Lauren J. Sharkey’s essay, ECHO, was selected as a *winner* in the Women Under Scrutiny:The (Dis)Comfort) of Our Bodies, Ourselves contest. Women Under Scrutiny, compiled by Randy Susan Meyers and edited by Nancy MacDonald, is an honest, intimate examination of the relationships we have with our bodies, hair, and faces, how we’ve been treated by the world based on our appearance—and how we have treated others. The women who created the serious, humorous, and courageous work in this anthology—women ages seventeen to seventy-six—represent an array of cultures and religions from across the United States. They are an extraordinary group of women who all share one thing: the ability to tell the truth.
It started small—having to catch my breath after going up the stairs, needing to recline my car seat back an inch…going up a size. “You might want to take some weight off,” said my general practitioner during my annual, never once lifting his eyes from the clipboard.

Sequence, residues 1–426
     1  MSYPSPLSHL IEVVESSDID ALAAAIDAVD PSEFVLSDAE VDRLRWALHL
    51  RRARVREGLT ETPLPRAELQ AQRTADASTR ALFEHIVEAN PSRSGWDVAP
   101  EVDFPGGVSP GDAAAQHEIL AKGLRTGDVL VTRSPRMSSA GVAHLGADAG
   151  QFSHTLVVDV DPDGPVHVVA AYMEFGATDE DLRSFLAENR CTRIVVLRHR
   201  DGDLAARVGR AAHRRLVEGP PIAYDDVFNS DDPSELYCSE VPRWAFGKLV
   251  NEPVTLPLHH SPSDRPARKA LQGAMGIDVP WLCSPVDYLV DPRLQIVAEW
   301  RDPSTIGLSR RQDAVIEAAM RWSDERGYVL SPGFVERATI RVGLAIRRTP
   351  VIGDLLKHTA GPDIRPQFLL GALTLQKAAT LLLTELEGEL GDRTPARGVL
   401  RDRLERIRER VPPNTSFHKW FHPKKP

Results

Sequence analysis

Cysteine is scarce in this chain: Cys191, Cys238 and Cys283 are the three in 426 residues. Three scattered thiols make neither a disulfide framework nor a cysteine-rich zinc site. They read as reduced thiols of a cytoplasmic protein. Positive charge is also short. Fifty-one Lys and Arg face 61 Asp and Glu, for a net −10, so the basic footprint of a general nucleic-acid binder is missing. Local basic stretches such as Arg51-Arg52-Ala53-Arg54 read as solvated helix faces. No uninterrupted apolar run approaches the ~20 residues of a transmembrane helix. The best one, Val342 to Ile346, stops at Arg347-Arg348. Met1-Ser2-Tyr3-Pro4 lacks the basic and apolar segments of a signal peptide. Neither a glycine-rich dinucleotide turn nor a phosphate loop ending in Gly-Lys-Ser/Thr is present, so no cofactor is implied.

I looked down and surmised it wasn’t that serious. I mean, I could still see my feet. So, I did what everyone does: nothing. I mean, I told myself I would eat out less, exercise more, switch to diet soda. And I did all those things for about a week before going back to my routine of asking for extra bread at restaurants and late-night drives to Sonic.
All profits from Women Under Scrutiny will go to Rosie’s Place in Boston, Massachusetts. Rosie’s Place was founded in 1974 as the first women’s shelter in the United States with a mission to provide a safe and nurturing environment that helps poor and homeless women maintain their dignity, seek opportunity and find security in their lives. Today, Rosie’s Place not only provides meals and shelter but also creates answers for 12,000 women a year through wide-ranging support, housing and education services.